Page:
Organisations that are managed locally and professionally – particularly value-based ones – do better at providing quality services in market settings.
In my first blog post in this series I established that most of the world’s poorest people live in countries where they have to pay (formally or informally) for professional services. They pay even for services provided by governments. For better or worse, the poor are participating in markets for health, education, veterinary medicine and other services.
In the remaining posts in this series, I will ask: What can be done to make these markets work better for the poor? In post 2 we saw that payments to individual service providers have strong limitations. Except in a limited set of circumstances, they don’t overcome the unequal information problem. As a result, although they may stimulate quantity of effort, they tend not to produce better quality.
In this third and final post in the series, we’ll see that making payments to organisations offers better institutional solutions to the challenges of providing services for the poor.
Payments to organisations
Incentives (in the form of jobs, salaries, bonuses and spoken appreciation) that are mediated through organisations are more likely than payments to individuals to have a positive effect on quality but only if the values of quality and service are institutionalised in the organisation. There are several components to this proposition:
Organisations have a greater ability to signal a commitment to quality than practitioners do as individuals. Because facilities have a physical and continuous presence they are much more visible to the public and more subject to public discussion than individual practitioners within them.
Organisations have a greater ability to observe and reward the performance of their staff than individual users of the service do. Because of information asymmetry individual users do not always know when they are being badly served. This is particularly the case in human and animal health because of the variable effectiveness of treatment, where bad care might nonetheless result in recovery and a ‘state-of-the-art’ intervention could still end in death.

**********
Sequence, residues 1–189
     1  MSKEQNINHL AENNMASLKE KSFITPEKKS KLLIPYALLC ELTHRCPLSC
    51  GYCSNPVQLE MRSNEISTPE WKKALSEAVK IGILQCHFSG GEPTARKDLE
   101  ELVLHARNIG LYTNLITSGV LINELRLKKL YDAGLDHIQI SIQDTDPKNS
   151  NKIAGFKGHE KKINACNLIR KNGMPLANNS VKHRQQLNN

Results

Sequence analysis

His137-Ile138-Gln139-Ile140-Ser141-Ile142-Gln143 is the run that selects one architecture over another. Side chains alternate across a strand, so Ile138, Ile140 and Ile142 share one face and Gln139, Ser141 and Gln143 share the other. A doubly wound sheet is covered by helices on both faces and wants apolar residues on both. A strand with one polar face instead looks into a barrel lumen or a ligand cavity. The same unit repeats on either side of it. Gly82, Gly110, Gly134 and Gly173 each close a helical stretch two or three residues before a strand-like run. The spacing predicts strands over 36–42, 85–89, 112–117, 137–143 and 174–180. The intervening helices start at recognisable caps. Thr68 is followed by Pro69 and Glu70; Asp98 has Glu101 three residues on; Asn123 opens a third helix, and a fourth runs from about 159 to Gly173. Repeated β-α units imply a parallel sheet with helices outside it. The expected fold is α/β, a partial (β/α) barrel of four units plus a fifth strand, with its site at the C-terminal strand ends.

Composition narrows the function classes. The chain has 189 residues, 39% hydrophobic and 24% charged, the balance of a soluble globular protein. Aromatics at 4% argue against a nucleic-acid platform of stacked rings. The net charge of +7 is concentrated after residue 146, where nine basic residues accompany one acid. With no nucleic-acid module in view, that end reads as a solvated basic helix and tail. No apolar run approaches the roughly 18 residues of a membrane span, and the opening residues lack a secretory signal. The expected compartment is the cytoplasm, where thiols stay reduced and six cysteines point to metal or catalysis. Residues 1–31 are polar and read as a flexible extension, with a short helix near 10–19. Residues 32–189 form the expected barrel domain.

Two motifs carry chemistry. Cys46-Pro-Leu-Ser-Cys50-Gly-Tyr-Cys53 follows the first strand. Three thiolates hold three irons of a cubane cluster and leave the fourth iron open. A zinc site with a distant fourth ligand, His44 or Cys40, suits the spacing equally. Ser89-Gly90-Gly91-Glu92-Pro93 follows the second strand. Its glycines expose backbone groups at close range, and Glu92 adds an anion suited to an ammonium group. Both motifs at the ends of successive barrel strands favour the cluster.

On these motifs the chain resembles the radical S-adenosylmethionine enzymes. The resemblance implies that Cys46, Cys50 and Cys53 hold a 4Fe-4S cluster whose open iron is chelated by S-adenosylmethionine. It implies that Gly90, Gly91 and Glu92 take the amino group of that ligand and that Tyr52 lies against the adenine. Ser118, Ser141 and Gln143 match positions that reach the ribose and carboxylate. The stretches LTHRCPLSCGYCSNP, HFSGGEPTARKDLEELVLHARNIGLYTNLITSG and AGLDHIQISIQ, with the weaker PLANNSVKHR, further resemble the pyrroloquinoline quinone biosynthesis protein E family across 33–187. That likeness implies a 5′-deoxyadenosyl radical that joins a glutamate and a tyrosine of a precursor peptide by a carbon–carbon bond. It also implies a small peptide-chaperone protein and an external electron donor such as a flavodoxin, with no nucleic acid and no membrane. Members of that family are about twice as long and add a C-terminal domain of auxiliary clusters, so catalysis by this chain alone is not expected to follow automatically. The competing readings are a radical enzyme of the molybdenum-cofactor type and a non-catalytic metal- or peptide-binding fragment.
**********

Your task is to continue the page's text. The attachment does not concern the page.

A similar, even if somewhat smaller, imprecision in user judgments about quality of service is also evident in education. Students and parents often do not know the real value of the teaching they have received until they see their national school-leaving exam results. And even then they cannot be certain which teachers were responsible.
Particularly if the organisation decentralises personnel management to the facility level, it is possible for local professional supervisors to make formal or informal observations there of the quality of the processes in which employees are engaged and to apply a wide array of rewards and punishments relatively quickly.
Organisations that directly manage individual practitioners are more likely (but still are not assured) to be motivated to provide effective oversight and associated incentives, for they are more likely than individuals to be able to signal their character and thus to benefit from extra custom and increased income through the provision of quality.
Explicit incentive payments may be paid to individual practitioners but it is important that they be mediated by the group or organisation in its collective interest, not made directly by the client. These organisations also are likely to perform best if their local professional staff have decentralised control of their personnel and financial management (deconcentration), under the eye of client participation.
Nonetheless, the costs to an organisation of establishing a reputation for institutional quality are significant. From the empirical evidence it appears that the returns to a reputation in additional or higher paying custom are sufficient to maintain quality effort but in themselves are not enough to induce most organisations to create it. Thus the organisations that have invested in the creation and maintenance of quality are more likely to have had pre-existing ‘other-regarding’or altruistic values.
Finding or creating appropriate organisations
In otherwise difficult environments value-led organisations are exemplified by the services of many Christian missions in parts of Africa and the Bangladesh Rehabilitation Assistance Committee (BRAC) in South Asia. The presence or absence of such value-driven organisations is a part of a country’s deep institutional context, which is an aspect of path dependence.
Countries have different institutional repertories and thus will have different tools available with which to overcome their problems with information asymmetry. But that inventory also might be changed by donors or political initiatives that subsidise the long-term, initially-costly investments in new needed institutions.
This blog post draws on a paper currently under consideration with World Development: 'Institutional Solutions to the Asymmetric Information Problem in Services for the Poor', by David Leonard, Gerald Bloom, Kara Hanson, Juan O’Farrell, and Neil Spicer.